by Caitlin Boyle
Especially now that my baby is crawling, I take great pride in shiny, spotless floors. Each week, I hunt for dust bunnies under the couch, polish away scuffs, and go over the surfaces with a mop not once, but twice. It takes a good 30 minutes to do my downstairs. This got me to wondering: Does all that mopping count as cardio?
Let's put it this way -- I won't be canceling my gym membership anytime soon.
What Counts as Exercise?
Some research does show that errands and chores can help improve cardiovascular fitness -- especially if that's the only exercise you get. In fact, a recent study found that women's lib -- that is, moving from doing chores all day to sitting in front of a desk -- is partially to blame for our ever-increasing waistlines. What's more, elderly people who stay active by doing their own housework live longer than those who hand off those daily duties. Still, if you're hoping to get buns of steel by way of vacuuming, well, that's probably not going to happen.
The bottom line is that most household chores can count towards your physical activity quota, but to really stay fit, you need to make sure you're getting your heart rate up; most household chores simply aren't intense enough to qualify. Mopping, washing dishes and folding laundry feels like a lot of work -- but such chores are hardly a workout.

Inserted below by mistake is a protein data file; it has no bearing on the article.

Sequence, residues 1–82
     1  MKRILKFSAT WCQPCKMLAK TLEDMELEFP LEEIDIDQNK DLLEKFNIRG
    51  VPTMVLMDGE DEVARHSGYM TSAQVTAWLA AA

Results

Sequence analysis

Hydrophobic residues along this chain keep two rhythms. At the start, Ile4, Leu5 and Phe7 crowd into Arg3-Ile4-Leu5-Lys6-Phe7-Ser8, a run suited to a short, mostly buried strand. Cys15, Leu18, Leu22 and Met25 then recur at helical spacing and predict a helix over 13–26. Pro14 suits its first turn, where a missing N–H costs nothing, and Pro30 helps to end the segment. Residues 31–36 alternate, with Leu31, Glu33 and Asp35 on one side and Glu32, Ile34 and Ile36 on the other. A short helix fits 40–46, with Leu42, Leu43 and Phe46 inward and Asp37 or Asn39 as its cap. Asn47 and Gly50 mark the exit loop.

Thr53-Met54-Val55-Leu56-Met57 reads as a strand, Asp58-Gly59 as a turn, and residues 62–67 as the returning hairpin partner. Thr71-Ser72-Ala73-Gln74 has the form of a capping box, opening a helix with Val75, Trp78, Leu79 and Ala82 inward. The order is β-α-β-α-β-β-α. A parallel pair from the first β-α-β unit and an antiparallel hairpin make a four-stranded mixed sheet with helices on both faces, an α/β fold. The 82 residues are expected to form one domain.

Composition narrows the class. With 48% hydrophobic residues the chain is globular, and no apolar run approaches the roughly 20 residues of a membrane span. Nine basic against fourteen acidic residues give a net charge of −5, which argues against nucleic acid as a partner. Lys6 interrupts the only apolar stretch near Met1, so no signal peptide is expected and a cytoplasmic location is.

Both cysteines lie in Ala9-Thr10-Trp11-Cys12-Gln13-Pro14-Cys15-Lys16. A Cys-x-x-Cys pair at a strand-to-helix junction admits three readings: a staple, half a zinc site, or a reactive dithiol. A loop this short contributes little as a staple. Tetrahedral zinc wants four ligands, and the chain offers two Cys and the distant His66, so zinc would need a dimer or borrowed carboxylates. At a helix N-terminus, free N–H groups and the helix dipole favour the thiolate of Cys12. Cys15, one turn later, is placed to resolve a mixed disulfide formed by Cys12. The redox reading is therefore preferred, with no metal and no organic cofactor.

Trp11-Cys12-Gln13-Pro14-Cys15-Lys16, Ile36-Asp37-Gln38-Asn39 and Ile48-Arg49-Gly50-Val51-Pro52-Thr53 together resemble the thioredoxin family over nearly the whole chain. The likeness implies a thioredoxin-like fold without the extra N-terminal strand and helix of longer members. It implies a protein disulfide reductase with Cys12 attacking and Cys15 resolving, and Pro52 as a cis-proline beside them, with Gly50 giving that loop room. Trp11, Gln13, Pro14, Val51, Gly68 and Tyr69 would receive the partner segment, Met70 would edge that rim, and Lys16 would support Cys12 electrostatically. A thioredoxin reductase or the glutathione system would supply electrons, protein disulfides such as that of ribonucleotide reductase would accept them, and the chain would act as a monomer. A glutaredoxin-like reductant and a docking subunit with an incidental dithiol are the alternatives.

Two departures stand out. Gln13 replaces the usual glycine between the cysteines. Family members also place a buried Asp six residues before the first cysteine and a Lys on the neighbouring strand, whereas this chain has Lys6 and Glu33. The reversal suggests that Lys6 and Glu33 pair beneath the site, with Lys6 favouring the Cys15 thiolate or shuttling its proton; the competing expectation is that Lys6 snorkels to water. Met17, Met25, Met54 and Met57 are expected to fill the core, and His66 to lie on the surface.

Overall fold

The Center for Disease Control says that adults should engage in a total 150 minutes of moderate-intensity aerobic exercise (like brisk walking) each week. Alternatively, adults can exercise at a more vigorous level (such as jogging or running) for a total of 75 minutes each week. Regardless of the intensity of your aerobic activity, you also need at least two days of muscle-strengthening activities, such as lifting weights.
Generally, if you can speak a sentence or two but couldn't sing the chorus of your favorite song, you're working out at a moderate intensity. If you can't even squeak out a few words without pausing to gasp for air, you're exercising at a vigorous level.
With that 'talk test' in mind, it's easy to see that chores like shopping, cooking, or doing the laundry don't count towards your weekly exercise goal. These tasks simply aren't challenging enough! Exercise helps maintain good cardiovascular health by temporarily elevating your heart rate, and most household chores usually don't have that effect.
However, some more intense tasks, like pushing a lawnmower or shoveling snow, definitely count towards your weekly goals. In fact, a 150-pound person burns 400 calories per hour of snow shoveling.
Make Your Chores Work
While washing the dishes is not the same as attending a rockin' Zumba class, there are ways to make chores a bit more challenging.
"Add bonus strength and cardio movements to your tasks," suggests Gina Harney, a personal trainer who blogs at Fitnessista.com. "Do counter pushups while waiting for pasta to boil, add in extra squats while dusting furniture, go up the stairs as quickly as possible, and give yourself five sit-ups for every piece of laundry you drop as you pull it out of the wash!" Just be careful not to get too distracted by your chores; maintaining good form while you do squats, lunges, and sit-ups helps prevent injuries.
To make your household chores even harder, don't clean rooms in the most efficient order; the more you walk from one end of the house to the other (or up and down the stairs!), the better.